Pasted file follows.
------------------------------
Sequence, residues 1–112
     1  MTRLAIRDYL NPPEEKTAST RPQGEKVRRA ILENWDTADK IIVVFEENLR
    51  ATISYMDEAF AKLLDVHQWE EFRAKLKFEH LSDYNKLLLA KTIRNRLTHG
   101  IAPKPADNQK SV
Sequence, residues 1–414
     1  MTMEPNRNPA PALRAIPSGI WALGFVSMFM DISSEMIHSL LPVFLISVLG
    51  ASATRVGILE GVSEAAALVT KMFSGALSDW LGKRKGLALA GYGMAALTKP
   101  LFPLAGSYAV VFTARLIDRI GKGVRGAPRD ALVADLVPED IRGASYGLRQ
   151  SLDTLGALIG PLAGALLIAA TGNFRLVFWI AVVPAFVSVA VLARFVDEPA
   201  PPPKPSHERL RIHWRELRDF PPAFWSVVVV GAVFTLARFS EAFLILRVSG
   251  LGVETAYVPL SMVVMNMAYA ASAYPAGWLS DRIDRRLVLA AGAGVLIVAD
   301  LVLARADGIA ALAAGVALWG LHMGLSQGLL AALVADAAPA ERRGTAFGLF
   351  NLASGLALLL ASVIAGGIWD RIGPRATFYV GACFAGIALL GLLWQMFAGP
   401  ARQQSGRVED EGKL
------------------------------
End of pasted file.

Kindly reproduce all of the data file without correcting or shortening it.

Sequence, residues 1–112
     1  MTRLAIRDYL NPPEEKTAST RPQGEKVRRA ILENWDTADK IIVVFEENLR
    51  ATISYMDEAF AKLLDVHQWE EFRAKLKFEH LSDYNKLLLA KTIRNRLTHG
   101  IAPKPADNQK SV
Sequence, residues 1–414
     1  MTMEPNRNPA PALRAIPSGI WALGFVSMFM DISSEMIHSL LPVFLISVLG
    51  ASATRVGILE GVSEAAALVT KMFSGALSDW LGKRKGLALA GYGMAALTKP
   101  LFPLAGSYAV VFTARLIDRI GKGVRGAPRD ALVADLVPED IRGASYGLRQ
   151  SLDTLGALIG PLAGALLIAA TGNFRLVFWI AVVPAFVSVA VLARFVDEPA
   201  PPPKPSHERL RIHWRELRDF PPAFWSVVVV GAVFTLARFS EAFLILRVSG
   251  LGVETAYVPL SMVVMNMAYA ASAYPAGWLS DRIDRRLVLA AGAGVLIVAD
   301  LVLARADGIA ALAAGVALWG LHMGLSQGLL AALVADAAPA ERRGTAFGLF
   351  NLASGLALLL ASVIAGGIWD RIGPRATFYV GACFAGIALL GLLWQMFAGP
   401  ARQQSGRVED EGKL